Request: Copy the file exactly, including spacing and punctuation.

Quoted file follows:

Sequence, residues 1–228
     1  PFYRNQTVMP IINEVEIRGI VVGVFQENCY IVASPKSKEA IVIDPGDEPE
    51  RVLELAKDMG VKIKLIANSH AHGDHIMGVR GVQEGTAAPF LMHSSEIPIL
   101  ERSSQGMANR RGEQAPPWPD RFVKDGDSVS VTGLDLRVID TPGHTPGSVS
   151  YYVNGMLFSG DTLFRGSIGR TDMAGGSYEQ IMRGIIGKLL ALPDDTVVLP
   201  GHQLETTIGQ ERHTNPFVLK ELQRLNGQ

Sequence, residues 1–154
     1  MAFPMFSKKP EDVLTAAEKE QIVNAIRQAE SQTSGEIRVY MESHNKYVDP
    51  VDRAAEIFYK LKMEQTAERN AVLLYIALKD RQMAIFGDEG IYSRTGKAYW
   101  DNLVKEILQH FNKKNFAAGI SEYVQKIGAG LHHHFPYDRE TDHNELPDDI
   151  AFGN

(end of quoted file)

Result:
Sequence, residues 1–228
     1  PFYRNQTVMP IINEVEIRGI VVGVFQENCY IVASPKSKEA IVIDPGDEPE
    51  RVLELAKDMG VKIKLIANSH AHGDHIMGVR GVQEGTAAPF LMHSSEIPIL
   101  ERSSQGMANR RGEQAPPWPD RFVKDGDSVS VTGLDLRVID TPGHTPGSVS
   151  YYVNGMLFSG DTLFRGSIGR TDMAGGSYEQ IMRGIIGKLL ALPDDTVVLP
   201  GHQLETTIGQ ERHTNPFVLK ELQRLNGQ

Sequence, residues 1–154
     1  MAFPMFSKKP EDVLTAAEKE QIVNAIRQAE SQTSGEIRVY MESHNKYVDP
    51  VDRAAEIFYK LKMEQTAERN AVLLYIALKD RQMAIFGDEG IYSRTGKAYW
   101  DNLVKEILQH FNKKNFAAGI SEYVQKIGAG LHHHFPYDRE TDHNELPDDI
   151  AFGN